The early days of micromobility launches were chaotic, with private companies dropping scooter and dockless bike fleets on unsuspecting cities. Qiming Weng says he saw how popular the vehicles were, but he thought the private fleets just weren’t sustainable economically or operationally.
In 2017, Weng co-founded Drop Mobility with fellow entrepreneur Dipesh Dar to give municipalities a bigger role in managing new micromobility fleets. The following year, Drop partnered with Kansas City, Missouri, on a new e-bike fleet, providing new vehicles and a software platform to build on the city’s existing bikeshare network. Despite the perception that working with city governments was "unsexy," Drop decided municipalities would be the best partners in building a "sustainable, reliable and equitable" micromobility fleet.
Today, Drop is in more than 10 cities — including Colorado Springs, Colorado, and Tulsa, Oklahoma — and will back the rebranded Blue Bike network in New Orleans that's launching in September.
Smart Cities Dive talked to Weng about the role cities can play in micromobility, fighting the perception that working with government means red tape and what the future of the road looks like.
The following interview has been edited for brevity and clarity.
SMART CITIES DIVE: What sets Drop apart in the micromobility space?
QIMING WENG: A lot of companies launched with this winner-take-all, take over the world mindset. They were operating these fleets in a way where, if we ran the economics, they didn’t really add up.
We enable municipal governments and their associated entities, like a transit agency, to run the shared fleets themselves. It turns out most governments have already invested in something like a bikeshare or some kind of active transportation. We’re giving them the same tools — the internet-connected vehicles, the bikes, the software platform — to be competitive and offer the same service that a private company might, but at a much more equitable price point and in alignment with local goals, rather than being abrasive to the communities they launch in.
What was the problem with how micromobility fleets were deployed?
WENG: The companies were promising the world. They’d say it’s totally free [for the city], we do it all on consumer rider revenue. When you do the math, it doesn’t add up. It turns out a lot of the vehicles were low quality, and a lot of the operations were not the best for cities. It wasn’t the deal that was promised.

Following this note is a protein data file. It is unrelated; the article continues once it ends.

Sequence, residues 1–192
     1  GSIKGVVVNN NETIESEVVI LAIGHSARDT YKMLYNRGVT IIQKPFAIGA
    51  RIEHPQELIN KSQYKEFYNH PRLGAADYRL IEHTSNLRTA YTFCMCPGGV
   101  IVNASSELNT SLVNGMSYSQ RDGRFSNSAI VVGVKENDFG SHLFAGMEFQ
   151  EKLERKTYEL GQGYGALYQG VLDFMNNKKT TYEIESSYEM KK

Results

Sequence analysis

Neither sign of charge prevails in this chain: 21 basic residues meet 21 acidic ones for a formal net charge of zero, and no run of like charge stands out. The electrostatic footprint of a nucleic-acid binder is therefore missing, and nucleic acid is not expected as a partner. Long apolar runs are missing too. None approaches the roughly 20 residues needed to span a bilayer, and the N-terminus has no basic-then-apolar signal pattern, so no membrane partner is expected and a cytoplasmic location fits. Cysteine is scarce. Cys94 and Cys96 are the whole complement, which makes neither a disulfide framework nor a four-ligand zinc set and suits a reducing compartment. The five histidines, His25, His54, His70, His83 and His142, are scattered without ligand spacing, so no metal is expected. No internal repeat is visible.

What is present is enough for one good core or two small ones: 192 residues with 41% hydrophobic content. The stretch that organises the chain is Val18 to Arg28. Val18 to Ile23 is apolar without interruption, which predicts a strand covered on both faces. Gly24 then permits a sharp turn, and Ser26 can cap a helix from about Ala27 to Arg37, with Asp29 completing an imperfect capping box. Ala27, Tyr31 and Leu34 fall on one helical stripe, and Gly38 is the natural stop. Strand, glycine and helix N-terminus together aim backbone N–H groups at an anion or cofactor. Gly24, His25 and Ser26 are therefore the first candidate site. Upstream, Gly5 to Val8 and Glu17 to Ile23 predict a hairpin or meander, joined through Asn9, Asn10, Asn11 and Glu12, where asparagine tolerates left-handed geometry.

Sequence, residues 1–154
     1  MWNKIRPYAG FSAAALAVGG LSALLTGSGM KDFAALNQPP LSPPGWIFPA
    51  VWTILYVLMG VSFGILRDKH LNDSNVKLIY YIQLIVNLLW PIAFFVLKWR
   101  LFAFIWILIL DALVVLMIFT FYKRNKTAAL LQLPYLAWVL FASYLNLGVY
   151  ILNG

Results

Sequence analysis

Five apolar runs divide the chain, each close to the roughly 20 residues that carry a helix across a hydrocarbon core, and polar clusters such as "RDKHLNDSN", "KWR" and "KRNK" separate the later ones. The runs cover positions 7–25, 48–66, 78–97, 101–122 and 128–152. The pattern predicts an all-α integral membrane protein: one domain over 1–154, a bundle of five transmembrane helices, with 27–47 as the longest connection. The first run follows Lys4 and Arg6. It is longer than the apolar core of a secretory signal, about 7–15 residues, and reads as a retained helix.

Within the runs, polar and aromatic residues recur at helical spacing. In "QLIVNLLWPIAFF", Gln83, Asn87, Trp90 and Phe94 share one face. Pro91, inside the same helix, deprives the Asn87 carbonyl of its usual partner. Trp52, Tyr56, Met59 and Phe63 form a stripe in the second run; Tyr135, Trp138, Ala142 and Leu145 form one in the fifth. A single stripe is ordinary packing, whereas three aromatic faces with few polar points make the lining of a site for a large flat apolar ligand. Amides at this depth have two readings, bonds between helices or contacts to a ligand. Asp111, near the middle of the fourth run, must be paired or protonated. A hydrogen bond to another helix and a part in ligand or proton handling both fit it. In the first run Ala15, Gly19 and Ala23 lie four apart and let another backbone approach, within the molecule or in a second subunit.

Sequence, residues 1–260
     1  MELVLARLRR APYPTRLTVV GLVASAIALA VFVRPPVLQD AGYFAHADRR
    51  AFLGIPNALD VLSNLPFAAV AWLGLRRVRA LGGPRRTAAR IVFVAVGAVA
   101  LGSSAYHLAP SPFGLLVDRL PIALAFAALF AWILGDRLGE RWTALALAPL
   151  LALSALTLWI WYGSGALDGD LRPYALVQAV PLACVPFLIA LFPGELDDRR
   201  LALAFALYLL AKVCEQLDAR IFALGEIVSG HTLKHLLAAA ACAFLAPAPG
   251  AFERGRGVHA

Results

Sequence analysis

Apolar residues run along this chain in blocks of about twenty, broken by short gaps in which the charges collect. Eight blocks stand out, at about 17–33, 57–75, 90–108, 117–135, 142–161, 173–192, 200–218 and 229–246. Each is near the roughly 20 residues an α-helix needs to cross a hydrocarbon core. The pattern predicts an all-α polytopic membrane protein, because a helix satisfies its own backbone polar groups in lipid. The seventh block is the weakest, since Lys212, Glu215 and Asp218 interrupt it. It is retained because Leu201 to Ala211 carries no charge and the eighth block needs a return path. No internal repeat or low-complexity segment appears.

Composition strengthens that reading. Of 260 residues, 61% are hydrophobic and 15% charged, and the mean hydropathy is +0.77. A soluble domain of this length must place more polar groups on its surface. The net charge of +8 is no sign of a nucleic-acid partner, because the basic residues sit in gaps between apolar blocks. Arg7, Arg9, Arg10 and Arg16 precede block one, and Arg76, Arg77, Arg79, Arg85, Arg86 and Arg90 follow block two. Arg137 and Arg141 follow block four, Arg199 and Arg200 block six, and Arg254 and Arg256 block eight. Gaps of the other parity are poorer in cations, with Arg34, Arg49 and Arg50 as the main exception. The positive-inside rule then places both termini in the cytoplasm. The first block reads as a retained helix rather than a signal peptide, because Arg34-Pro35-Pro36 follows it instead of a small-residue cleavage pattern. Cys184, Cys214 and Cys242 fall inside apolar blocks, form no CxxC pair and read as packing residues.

What do you as a fleet operator get from partnering with the government?
WENG: There are these local network effects. Whoever has the best vehicles and the best access within a certain region will likely be the dominant service provider, if the price points and convenience factors check out. So we thought, the No. 1 player is oftentimes the municipal government because they already have the investment, they are most likely to be sustainable and to offer the largest fleet. We don’t think there’s a benefit to maintaining one shared brand across the United States.
There’s also a huge aspect of value generation that comes from sponsorship, like how public buses are subsidized by advertisements. That’s not really possible with a private operator, but it is with the municipality. It unlocks this additional form of funding, which allows us to reduce costs and become more equitable.
Plenty of people have horror stories of government services being slow or not having the right expertise. How has your experience been working with municipalities?
WENG: There is this stereotype that working with the government is a slow endeavor. For a long time, our business was considered unsexy by our peers and our investors. But it turns out that doing the thing other people are ignoring is a good way to find an opportunity.
What we’ve found is most governments are becoming very open-minded. Ten years ago, Uber and Lyft really blindsided a lot of municipalities and were able to push to get their objectives. But governments have learned and reacted to that, and now they’re looking for a different experience. For us, it’s about taking that Silicon Valley experience with a mobile app and democratizing it and allowing a municipality to offer the same level of service you would expect from a native mobile-first experience.
What does a government get from partnering with Drop?
WENG: There’s the physical aspect: the equipment, the bikes, the batteries, the charging platform. We also provide the software that enables customer service and vehicle operation, as well as battery monitoring. But there is also the side benefit of data that is available for the first time in an anonymized way that is really beneficial for planners thinking about the future of downtown areas.
What is the future of micromobility in U.S. cities?
WENG: One trend is that municipal governments are really investing in bike lanes and dividing up the road into more types of transit options and limiting the speeds of cars. In Europe, as their municipal areas are more dense, you see Paris limiting when cars can be downtown [and] where they can go. These are the trends that are kind of unstoppable. As cities get denser, we have to find better ways of moving people around. We think micromobility, both shared fleets and consumer-owned devices, will play a huge role in that.
Then, when you think about multimodal transportation, someone needs to be the coordinator of all of these modes. We think this is where you need one public forum to be able to make this information available and help consumers make decisions on how to get around. We’re interested in how government technology can support that and be the coordinator.
We see ourselves as allowing municipalities to get more value out of every square mile or every square foot of right of way.